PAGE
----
- for retention monies – Within (3) three months of the expiration of the maintenance period.
- for monies held under a security – Within (3) three months of the expiration of the release period.
If the money is due before completion, the charge can be made in respect of money payable to you at the date of the notice (such as retention money), or money to become payable to you for work already done by the contractor at the date of notice.
What happens when a Charge is served?
When someone is served with the Notice of Charge, they must within 14 days:
Give a “contractor’s notice” to the developer, stating that the builder:
- Accepts liability to pay the claimed amount;
- Disputes the claim; or
- Accepts liability to the amount stated in the “contractor’s notice”, but otherwise disputes the claim.
When a builder provides a notice accepting the liability, the developer will pay the amount to the subcontractor. Payment of the sum must be made immediately.
If the builder does not accept the liability, the subcontractor’s must take the next steps to enforce the charge, essentially proving the debt.
At least the money will be secured as the developer should not pay any monies to the builder or risk also having to the debt to the subcontractor.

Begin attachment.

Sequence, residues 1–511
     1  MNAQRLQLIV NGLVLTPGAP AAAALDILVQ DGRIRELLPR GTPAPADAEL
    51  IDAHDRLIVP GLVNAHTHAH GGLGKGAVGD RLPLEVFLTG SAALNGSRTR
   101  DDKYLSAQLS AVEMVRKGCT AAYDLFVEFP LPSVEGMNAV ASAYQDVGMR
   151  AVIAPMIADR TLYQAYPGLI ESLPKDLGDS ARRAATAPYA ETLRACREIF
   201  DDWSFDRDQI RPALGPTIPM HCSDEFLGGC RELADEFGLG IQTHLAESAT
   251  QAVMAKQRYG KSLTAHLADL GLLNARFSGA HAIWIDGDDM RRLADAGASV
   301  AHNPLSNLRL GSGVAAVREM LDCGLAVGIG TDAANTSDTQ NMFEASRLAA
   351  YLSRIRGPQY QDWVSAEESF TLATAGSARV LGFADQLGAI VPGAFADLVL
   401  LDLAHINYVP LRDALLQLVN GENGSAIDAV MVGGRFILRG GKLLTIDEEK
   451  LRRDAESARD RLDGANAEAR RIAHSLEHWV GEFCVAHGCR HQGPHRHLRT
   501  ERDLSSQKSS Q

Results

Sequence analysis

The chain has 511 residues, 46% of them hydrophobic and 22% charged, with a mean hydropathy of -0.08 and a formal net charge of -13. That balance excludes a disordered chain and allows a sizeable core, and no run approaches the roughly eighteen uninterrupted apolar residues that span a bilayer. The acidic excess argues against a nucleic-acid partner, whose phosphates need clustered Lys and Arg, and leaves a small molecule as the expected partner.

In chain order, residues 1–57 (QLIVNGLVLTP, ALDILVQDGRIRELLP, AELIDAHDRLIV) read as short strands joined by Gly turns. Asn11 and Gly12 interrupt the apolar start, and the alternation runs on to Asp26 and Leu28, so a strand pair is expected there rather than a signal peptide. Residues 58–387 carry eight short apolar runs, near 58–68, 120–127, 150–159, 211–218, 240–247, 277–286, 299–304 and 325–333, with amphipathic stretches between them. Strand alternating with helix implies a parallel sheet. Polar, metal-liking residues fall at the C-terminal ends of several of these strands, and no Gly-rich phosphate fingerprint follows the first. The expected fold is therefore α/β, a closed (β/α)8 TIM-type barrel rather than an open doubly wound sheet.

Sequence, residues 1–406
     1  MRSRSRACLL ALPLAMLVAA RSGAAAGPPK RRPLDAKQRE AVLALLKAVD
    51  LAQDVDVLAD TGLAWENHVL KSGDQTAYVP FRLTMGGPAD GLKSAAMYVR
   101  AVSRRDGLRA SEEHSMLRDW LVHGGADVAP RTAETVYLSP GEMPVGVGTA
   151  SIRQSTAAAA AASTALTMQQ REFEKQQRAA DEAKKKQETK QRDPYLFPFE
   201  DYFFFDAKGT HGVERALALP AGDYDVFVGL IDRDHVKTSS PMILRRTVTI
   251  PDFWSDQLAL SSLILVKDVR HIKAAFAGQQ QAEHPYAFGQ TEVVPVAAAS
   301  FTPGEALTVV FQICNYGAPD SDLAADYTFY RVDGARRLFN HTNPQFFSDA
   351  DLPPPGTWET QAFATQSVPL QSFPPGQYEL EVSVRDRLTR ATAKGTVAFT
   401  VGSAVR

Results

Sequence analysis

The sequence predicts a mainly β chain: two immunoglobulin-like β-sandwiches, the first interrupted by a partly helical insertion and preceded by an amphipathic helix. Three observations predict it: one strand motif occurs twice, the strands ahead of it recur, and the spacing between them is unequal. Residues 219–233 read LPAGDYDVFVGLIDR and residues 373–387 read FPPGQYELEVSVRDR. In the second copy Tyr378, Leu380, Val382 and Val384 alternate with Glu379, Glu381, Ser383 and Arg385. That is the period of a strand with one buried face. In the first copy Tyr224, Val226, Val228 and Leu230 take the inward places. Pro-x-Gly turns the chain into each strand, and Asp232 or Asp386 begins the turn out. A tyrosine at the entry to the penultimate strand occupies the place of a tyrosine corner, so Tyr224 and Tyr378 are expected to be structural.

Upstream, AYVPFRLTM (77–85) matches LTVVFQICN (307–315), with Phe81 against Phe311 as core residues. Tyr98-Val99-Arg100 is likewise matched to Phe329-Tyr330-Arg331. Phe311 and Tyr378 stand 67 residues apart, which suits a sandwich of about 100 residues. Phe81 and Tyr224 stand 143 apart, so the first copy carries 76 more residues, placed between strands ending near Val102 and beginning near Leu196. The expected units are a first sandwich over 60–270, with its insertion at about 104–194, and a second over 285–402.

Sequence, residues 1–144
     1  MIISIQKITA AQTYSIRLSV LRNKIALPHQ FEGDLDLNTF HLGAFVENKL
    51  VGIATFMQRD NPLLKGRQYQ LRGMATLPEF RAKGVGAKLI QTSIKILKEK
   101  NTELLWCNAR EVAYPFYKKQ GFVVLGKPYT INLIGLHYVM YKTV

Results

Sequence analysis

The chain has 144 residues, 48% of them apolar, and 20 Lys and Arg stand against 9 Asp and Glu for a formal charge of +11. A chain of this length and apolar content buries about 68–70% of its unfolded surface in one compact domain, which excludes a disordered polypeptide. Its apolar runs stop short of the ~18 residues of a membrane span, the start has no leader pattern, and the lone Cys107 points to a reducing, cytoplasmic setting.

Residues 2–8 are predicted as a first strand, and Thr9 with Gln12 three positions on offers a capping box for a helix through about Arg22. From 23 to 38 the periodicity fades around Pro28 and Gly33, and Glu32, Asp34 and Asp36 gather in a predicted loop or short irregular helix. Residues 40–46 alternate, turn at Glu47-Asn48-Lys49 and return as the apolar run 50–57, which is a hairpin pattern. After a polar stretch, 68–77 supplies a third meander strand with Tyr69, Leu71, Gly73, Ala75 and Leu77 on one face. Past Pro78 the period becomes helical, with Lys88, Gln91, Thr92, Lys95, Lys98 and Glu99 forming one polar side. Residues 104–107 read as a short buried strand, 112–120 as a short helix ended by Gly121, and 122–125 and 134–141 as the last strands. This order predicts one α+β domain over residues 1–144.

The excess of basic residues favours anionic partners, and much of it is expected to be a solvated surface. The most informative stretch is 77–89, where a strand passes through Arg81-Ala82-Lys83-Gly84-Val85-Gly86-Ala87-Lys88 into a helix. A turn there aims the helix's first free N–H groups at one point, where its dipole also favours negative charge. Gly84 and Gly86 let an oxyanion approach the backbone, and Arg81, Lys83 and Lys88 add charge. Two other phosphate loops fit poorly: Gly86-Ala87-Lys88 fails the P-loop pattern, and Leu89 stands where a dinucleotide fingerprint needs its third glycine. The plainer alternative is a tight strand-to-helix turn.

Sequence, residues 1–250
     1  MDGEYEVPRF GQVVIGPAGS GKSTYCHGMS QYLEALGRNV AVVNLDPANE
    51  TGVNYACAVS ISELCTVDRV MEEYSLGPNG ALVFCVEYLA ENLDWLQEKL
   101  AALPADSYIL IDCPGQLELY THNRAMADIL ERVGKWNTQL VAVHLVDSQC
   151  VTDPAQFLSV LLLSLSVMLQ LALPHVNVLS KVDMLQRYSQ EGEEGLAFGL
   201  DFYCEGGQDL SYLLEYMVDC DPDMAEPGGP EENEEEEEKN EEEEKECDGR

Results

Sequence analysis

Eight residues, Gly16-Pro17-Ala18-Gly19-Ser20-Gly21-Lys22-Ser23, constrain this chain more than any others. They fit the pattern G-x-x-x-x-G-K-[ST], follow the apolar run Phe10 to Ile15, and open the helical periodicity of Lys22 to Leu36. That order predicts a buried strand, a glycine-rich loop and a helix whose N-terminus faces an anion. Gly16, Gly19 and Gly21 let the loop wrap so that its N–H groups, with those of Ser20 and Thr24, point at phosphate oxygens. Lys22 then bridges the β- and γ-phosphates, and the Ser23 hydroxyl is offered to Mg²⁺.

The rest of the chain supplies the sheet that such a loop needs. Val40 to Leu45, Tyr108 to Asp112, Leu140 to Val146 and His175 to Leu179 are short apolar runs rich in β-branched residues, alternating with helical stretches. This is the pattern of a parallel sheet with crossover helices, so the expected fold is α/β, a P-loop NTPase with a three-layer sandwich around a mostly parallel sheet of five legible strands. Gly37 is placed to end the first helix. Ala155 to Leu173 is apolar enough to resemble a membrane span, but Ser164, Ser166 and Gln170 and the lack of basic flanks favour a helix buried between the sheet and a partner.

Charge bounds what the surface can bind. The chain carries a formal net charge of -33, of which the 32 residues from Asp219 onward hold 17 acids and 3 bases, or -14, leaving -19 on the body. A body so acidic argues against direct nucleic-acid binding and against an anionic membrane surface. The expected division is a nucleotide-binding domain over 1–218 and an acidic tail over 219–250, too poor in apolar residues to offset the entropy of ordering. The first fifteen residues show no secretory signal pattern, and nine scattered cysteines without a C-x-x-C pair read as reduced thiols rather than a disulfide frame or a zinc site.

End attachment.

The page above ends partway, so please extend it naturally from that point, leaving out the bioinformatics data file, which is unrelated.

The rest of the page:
Still not paid?
If you lodge a Notice of Claim under this act, and within 35 days of lodging same you are still not paid, you can:-
- Suspend work if you have not been paid.
If a dispute arises in respect of the monies, the subject of the notice of claim and if such a dispute is not resolved within 1 month after the notice has been given, proceedings must be brought in a Court of Law to resolve the dispute, otherwise the notice has no force and effect.
If a sub-contractor should fail to commence legal proceedings within the necessary time limit after a notice is issued, the sub-contractor may still be able to pursue his claim only if another sub-contractor has given the necessary notices and commenced legal proceedings within the required time limit. The first sub-contractor does this by applying to a Court for an order that his claim be joined in the claim of the second sub-contractor as provided by Section 13 of the Act.
If you have lodged a Charge improperly, or have failed to comply with certain requirements of the Act, you may be held liable for damages incurred by the builder. This could be as a result of the developer withholding money payable to the builder due to your apparent subcontractor’s charge. Prior to lodging a Charge, we recommend that you speak with either Master Builders Association, BSA or seek legal advice.
If you would like more information or want to obtain the best possible chance of a successful outcome in your dispute, please contact our Commercial Litigation Department Manager, Amanda Heather on direct line 07 5506 8245, email email@example.com or free call 1800 621 071.
We have an experienced dedicated Commercial Litigation team that practices exclusively in these areas.